Canned cranberry sauce. Really, not a sauce at all, but a wiggly jiggly glistening blob. It comes out still shaped like a can with those signature ridges, a sliceable, gelatinous traditional side dish at Thanksgiving. Forget politics, the debate across the country is canned cranberries or fresh. Though some of us prefer no cranberries at all. But for me I fall on the canned cranberry side -- there is something very nostalgic about canned cranberries. From opening the can to the distinct sound it makes sliding out and landing on a plate ... I'll be back for seconds.
10 fun facts about canned cranberry sauce:
- Ocean Spray is the largest producer of cranberry products here in the U.S. Marcus L.Urann, a lawyer who owned his own cranberry bogs, and Elizabeth Lee, a cranberry grower in New Jersey joined forces in 1912 to make the perfect recipe.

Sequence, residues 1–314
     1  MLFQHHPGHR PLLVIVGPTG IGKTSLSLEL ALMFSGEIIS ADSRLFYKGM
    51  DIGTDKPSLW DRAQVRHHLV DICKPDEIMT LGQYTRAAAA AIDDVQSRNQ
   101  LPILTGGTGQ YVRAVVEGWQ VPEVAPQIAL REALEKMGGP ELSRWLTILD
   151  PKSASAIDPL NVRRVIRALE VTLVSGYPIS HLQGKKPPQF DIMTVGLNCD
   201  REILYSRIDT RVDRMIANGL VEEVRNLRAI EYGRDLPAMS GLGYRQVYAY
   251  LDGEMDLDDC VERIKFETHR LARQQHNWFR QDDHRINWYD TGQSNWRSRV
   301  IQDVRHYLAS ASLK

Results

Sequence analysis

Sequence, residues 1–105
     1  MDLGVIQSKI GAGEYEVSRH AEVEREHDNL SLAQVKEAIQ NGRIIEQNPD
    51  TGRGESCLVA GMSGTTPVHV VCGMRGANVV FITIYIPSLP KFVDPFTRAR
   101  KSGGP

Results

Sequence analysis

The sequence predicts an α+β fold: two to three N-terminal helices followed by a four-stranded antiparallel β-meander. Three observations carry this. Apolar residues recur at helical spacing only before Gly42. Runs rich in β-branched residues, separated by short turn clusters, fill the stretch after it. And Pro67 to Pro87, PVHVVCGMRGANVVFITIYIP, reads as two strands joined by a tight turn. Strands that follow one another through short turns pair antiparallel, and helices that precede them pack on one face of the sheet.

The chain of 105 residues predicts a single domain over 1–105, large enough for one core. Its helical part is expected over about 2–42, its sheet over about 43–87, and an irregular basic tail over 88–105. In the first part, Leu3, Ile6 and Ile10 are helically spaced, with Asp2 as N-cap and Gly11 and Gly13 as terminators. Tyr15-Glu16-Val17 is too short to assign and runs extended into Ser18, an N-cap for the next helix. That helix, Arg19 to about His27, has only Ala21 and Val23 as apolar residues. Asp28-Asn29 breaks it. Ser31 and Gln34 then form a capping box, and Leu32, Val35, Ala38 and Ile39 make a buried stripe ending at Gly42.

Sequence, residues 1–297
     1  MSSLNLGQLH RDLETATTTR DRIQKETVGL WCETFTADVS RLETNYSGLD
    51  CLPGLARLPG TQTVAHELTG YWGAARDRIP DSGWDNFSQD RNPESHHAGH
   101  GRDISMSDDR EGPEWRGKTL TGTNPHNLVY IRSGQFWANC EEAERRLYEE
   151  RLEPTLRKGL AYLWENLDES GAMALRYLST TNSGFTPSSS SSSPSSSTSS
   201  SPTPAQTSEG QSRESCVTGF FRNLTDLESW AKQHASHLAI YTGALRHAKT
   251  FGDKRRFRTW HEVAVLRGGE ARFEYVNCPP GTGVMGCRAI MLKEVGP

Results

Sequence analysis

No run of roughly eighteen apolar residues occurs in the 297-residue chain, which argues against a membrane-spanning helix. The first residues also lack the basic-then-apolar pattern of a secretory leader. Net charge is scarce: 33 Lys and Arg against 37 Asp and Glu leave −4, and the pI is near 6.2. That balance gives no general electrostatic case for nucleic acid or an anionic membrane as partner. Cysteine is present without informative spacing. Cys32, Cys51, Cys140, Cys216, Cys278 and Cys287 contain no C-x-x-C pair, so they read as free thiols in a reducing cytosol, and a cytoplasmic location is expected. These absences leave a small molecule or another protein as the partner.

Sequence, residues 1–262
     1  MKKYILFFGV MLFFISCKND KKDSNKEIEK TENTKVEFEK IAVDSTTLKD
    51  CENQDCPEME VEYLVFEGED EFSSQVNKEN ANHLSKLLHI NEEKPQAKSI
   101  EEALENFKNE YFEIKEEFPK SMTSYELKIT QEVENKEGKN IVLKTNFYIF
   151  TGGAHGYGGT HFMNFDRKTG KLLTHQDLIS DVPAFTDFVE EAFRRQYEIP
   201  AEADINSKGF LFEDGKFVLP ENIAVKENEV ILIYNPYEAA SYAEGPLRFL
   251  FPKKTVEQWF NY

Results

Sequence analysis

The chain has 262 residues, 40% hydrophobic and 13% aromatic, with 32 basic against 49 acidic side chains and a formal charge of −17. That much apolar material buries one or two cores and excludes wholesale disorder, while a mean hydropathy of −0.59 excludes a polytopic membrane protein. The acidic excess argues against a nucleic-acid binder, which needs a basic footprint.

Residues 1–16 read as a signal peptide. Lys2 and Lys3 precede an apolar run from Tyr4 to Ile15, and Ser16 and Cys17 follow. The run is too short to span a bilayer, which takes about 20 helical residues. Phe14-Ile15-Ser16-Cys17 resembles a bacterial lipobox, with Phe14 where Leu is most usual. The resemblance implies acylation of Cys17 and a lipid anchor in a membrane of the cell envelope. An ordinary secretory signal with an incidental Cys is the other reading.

- Fresh cranberries are only available for a short time in the fall. Canning them made them available all year long.
- This canned fruit log became a Thanksgiving staple in the early 1940s.
- It takes about 200 cranberries to make one can.
- Today, Massachusetts-based company Ocean Spray is the largest producer of cranberry products here in the US.
- According to Ocean Spray, 73 percent of Americans prefer their cranberry sauce out of the can.
- Six in 10 Americans say cranberry sauce has always been a side dish on their Thanksgiving dinner table.
- 68 percent of Americans say they love the taste of cranberry sauce.
- 20 percent of cranberries in the United States are consumed the week of Thanksgiving.
- Canned or homemade, cranberries can deliver a healthy dose of vitamins and minerals.
However you slice it — you go ahead and enjoy your can of gelatinous goodness.
Want to make that gelatinous blob look fancy? Layer slices in a glass to look like a rose. Add sage for leaves.